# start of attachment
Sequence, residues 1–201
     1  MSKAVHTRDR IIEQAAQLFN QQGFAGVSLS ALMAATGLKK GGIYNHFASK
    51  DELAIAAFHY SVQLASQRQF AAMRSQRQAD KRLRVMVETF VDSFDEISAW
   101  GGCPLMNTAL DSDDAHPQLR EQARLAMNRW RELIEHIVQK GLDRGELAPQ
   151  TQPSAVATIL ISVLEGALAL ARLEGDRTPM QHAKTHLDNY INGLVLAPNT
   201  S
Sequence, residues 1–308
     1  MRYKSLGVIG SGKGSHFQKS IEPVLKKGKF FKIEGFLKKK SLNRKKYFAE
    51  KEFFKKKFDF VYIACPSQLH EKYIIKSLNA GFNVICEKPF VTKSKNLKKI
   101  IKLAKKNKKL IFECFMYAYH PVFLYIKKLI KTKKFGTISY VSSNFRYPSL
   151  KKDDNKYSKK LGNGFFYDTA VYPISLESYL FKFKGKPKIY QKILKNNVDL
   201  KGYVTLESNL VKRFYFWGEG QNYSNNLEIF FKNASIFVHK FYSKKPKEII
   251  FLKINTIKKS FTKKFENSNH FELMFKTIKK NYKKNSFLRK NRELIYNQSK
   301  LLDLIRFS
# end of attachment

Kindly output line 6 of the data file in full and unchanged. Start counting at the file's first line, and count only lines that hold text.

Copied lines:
   201  S